Altria forecasts 2015 full-year adjusted diluted earnings per share to be in the range of $2.75-$2.80, offering a growth rate of 7%-9% over the most recently-completed year’s performance. Dividend growth investors should anticipate a dividend increase of a similar magnitude. SABMiller (SBMRY) remains the firm’s key, hidden asset that speaks of sustainability to the payout. The liquidation of its stake would only mean more cash on the balance sheet, and a special one-time dividend would almost surely send shares higher, as implied value would turn into realized value.
We’ve talked too much about the slide in crude oil to report any real incremental news since the latest emails updates. The capital spending cuts across the industry have been showing up in droves from the biggest players to the smallest, almost like clockwork. It almost leads me to believe that there has been some signaling in the oil markets, and participants are now acting as one. Implicit collusion is legal, and I’m not sure if anyone can prove coordinated action among players, especially given the telegraphed actions revealed in conference calls across the sector.
In the oil and gas space, we prefer the well-entrenched midstream operates such as Kinder Morgan (KMI) and Energy Transfer Partners (ETP), both of which raised their dividends in the midst of the slide in crude oil. How’s that for reinforcing your confidence in our dividend growth process through thick and thin. Kinder Morgan upped its quarterly payout 2.3%, to $0.45 per share, and Energy Transfer Partners raised its own by 2.1%, to $0.995 per share on a quarterly basis. We were pleased.
The other direct energy play in the Dividend Growth portfolio, Chevron (CVX) has opted to cut capex for 2015 and suspend buybacks, two actions that will support the dividend. Chevron’s head honcho John Watson has stressed that the dividend is the company’s “highest priority.” We like what we heard, but we’ll still be watching its financials like a hawk. We continue to believe Chevron is best-positioned among the majors given its comparatively lower net debt position.
If I haven’t convinced you to pay attention to the Dividend Cushion ratio of firms in your portfolio by now, I have failed. I received an email from an ex-subscriber that mentioned that she lost income using another service (emphasis on ex). Sometimes it’s hard for me to fathom why members cancel, only to be suckered in by someone else’s superficial prose lacking any substantial cash-flow-based work. Penny wise, pound foolish? For those that keep our archived Dividend Growth Newsletters, in the January 2015 edition on page 12, in the list of ‘Dividend Yields to Avoid,’ you’ll find Cliffs Natural Resources (CLF) and Peabody Energy (BTU). Both of them cut their dividends since the last update.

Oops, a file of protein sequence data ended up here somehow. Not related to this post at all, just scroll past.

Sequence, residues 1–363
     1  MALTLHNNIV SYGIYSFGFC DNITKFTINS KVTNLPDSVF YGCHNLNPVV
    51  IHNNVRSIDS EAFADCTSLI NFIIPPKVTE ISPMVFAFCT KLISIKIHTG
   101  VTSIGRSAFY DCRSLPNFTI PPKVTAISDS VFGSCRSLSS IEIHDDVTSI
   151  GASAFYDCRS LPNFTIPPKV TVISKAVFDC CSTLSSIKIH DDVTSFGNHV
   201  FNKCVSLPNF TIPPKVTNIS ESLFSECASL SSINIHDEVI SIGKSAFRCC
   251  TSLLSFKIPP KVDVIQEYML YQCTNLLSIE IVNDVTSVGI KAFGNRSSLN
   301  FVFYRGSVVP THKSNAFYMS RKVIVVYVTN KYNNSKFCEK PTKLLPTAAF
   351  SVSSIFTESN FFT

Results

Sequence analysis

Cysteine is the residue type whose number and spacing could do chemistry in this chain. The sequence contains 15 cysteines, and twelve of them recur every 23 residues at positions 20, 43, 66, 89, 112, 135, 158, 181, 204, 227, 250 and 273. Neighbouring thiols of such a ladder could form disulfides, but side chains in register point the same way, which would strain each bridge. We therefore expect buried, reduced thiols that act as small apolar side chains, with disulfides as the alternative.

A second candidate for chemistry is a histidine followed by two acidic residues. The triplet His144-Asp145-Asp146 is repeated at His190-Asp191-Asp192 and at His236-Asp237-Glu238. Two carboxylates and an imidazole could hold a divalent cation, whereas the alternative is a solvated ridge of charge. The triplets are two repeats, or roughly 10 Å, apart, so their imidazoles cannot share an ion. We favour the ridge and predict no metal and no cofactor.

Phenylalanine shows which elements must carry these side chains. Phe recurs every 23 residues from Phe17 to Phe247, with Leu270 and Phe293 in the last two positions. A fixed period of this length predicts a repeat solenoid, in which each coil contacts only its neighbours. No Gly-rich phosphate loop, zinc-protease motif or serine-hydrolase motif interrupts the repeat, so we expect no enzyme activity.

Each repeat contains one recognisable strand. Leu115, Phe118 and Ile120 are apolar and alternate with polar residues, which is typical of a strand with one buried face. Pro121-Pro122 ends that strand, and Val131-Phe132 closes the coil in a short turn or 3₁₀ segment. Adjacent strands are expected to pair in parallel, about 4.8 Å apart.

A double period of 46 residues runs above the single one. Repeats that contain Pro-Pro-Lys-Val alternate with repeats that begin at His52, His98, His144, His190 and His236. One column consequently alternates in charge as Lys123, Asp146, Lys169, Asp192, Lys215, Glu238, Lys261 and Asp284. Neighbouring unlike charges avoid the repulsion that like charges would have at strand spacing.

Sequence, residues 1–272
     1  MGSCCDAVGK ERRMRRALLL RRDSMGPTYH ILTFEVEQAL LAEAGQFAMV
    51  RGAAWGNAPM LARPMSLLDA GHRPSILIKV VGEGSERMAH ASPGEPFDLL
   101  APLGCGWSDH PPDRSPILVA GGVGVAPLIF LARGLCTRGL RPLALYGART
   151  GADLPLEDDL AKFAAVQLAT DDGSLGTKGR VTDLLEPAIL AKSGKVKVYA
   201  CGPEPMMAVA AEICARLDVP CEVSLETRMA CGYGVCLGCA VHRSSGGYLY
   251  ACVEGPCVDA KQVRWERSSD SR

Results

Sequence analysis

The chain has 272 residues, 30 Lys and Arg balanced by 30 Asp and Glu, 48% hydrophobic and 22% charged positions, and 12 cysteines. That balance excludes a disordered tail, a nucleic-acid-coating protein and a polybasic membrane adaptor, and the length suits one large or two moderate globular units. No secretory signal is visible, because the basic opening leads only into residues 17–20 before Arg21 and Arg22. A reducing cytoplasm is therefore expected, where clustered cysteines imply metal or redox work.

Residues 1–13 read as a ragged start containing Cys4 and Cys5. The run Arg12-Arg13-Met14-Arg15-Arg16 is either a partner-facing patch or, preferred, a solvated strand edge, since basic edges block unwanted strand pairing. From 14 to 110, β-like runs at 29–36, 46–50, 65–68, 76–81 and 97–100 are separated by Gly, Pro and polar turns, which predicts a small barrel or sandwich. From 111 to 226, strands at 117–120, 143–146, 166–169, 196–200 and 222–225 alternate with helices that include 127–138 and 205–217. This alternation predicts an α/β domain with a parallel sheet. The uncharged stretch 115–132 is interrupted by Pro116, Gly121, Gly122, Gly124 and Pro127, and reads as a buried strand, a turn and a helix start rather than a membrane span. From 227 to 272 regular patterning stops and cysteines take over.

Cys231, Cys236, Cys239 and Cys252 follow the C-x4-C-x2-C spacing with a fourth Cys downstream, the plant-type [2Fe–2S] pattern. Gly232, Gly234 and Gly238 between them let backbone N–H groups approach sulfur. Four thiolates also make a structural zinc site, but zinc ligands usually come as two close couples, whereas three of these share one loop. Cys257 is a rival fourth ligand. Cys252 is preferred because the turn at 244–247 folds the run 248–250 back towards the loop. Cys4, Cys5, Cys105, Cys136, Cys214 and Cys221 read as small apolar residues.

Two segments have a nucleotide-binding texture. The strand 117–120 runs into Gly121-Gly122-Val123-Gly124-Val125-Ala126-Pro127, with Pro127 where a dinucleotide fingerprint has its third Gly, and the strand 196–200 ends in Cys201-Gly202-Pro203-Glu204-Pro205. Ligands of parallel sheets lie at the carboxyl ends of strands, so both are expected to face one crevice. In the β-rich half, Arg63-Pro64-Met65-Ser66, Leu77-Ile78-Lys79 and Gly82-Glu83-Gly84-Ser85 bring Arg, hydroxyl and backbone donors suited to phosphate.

The Dividend Cushion ratio is incredible, and I really mean it, though I shouldn’t act so surprised since it is based on forward-looking cash-flow based analysis, the core of what we do at Valuentum. Spread the word about this fantastic tool. It will only help investors of all types.
All-in, your baseline expectations should be a multi-month downtrend in the equity markets. Like the wind blowing fiercely in from left field, even the hardest hit balls that otherwise would be homeruns on mild, sunny afternoons, in such a turbulent environment, they become just long fly outs.
Deciding what to do to prepare for the rest of 2015 depends on whether you’re after wealth creation or income growth. No stock is ever a perpetual buy and hold, and Bill Gross almost has it correct: “the time for (excessive) risk taking has passed.” I added “excessive.” This year could be a difficult year for the equity markets, so plan accordingly.
You are. You’re reading this. Don’t let complacency be your downfall. Stay engaged.